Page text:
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ES Student Profile
Anna Sommo '04
Portland Oregon Parks and Recreation Department, Summer 2003 Forest Park
Portland Oregon Parks and Recreation Department, Summer 2003
This summer, Anna am working in Forest Park, which, at 5,000 acres, is one of the largest urban parks in the world. However, due to the ubiquitous presence of invasive species such as English Ivy, the park administration has created deparments to deal with the threat. Anna bases her work out of the English Ivy headquarters, primely located within the park to capture the beauty of the surroundings and as a functional center for groups from schools, camps and work programs that wish to see the park, learn about invasive species (beyond just ivy) and participate in a service learning program. This program organizes volunteer efforts to aid the removal of English Ivy and other invasives throughout the park. Anna's job teams her with these groups, doing plant indentification and environmental education. She has been developing an exhibit of 24 invasive species with detailed photos, identification tips and eradication techniques. Additionally, Anna is organizing sets of native plant flash cards as part of her education activities.
Biodiversity Research Institute, Summer 2002
Loon Project, Rangeley Lakes area
The Mellon Stipend that I received during the summer of 2002 was
committed to a project of the Biodiversity Research Institute, a
non-profit group devoted to studying the lives of waterfowl and other
wildlife, and the effects of pollutants (mercury is their main concern)
on their reproductive health, longevity and behavior. The project that
I worked on during the months of July and August was loon research in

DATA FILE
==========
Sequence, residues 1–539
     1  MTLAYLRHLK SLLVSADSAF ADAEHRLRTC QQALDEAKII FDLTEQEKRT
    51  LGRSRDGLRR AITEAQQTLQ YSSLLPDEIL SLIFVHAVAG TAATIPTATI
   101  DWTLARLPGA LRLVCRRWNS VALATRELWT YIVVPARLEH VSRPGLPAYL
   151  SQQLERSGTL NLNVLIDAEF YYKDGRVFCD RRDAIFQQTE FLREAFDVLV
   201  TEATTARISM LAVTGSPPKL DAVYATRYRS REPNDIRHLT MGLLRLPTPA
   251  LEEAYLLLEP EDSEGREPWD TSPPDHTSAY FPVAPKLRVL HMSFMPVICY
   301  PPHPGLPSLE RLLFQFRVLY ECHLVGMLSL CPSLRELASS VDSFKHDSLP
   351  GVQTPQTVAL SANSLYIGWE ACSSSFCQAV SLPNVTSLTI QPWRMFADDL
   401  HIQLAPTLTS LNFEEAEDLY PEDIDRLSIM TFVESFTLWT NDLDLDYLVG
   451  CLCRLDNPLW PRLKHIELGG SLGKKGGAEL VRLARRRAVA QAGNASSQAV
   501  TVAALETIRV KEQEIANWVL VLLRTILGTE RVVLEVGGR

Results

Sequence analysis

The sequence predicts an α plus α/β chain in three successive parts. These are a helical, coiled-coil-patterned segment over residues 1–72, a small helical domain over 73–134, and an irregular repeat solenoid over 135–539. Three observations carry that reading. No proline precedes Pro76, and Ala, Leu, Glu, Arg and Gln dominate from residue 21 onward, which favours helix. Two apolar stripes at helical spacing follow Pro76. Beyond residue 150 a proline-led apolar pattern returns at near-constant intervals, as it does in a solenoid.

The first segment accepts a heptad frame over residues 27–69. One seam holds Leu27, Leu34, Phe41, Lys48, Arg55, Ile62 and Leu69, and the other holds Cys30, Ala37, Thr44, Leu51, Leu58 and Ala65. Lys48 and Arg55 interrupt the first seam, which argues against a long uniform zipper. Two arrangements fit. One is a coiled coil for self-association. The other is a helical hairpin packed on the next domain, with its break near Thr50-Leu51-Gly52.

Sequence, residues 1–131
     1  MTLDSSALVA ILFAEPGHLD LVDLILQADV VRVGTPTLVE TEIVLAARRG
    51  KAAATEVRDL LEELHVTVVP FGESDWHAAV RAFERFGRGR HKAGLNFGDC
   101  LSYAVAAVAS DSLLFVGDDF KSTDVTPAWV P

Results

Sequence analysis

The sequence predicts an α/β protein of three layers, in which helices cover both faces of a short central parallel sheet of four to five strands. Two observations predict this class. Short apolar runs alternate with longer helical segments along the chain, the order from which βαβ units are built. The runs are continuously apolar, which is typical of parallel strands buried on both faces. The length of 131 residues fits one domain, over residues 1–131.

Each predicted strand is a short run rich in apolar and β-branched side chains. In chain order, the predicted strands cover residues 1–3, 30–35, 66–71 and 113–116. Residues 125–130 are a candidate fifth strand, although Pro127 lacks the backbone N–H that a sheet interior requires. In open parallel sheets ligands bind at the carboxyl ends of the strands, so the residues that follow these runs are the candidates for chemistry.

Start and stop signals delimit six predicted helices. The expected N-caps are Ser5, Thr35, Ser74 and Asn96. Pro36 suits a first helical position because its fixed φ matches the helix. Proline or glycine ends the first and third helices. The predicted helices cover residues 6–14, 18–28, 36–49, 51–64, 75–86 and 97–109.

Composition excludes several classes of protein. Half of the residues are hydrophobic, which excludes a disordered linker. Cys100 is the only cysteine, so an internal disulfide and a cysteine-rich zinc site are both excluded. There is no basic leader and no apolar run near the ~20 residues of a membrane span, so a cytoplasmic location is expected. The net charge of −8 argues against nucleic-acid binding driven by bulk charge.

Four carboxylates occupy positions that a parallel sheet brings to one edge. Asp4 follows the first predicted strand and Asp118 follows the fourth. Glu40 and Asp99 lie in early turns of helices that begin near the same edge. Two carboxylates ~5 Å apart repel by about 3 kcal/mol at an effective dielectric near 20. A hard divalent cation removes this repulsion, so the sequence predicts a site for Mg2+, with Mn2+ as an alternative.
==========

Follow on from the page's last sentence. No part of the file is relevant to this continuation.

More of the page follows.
the Rangeley Lakes area. I helped five of BRI’s biologists cover the
extensive lakes system through daily survey and nightly capture. Loon
surveys included extensive observation: we spent time watching the
behavior of birds on the water, looking for territorial pairs, loners,
intruders, and chicks. We also kept a close watch on possible chick
predators, such as bald eagles and snapping turtles. Looking for nests
and eggs on the shoreline was another important part of surveying, as
this would give us an idea of the reproductive success of the pair.
Capturing loons for blood samples, banding and weight measurements can
only be done at night, when the vision of the birds is less acute.
Pairs who have or recently had chicks are very susceptible to the
distress calls of the young, and when a biologist can imitate that
call, the loons will come right to the net. Blood samples are taken for
mercury and other heavy metals that have accumulated over the past 2-3
months. Feather samples are collected to determine levels of heavy
metals during flightless periods. The birds are banded with completely
unique combinations of colored bands, as well as with an Inland
Fisheries and Wildlife numbered band. These will help with
identification of the bird during later surveys and if the bird is
recovered in the future. The final step of capture is weight
measurement, which helps determine the sex of the bird.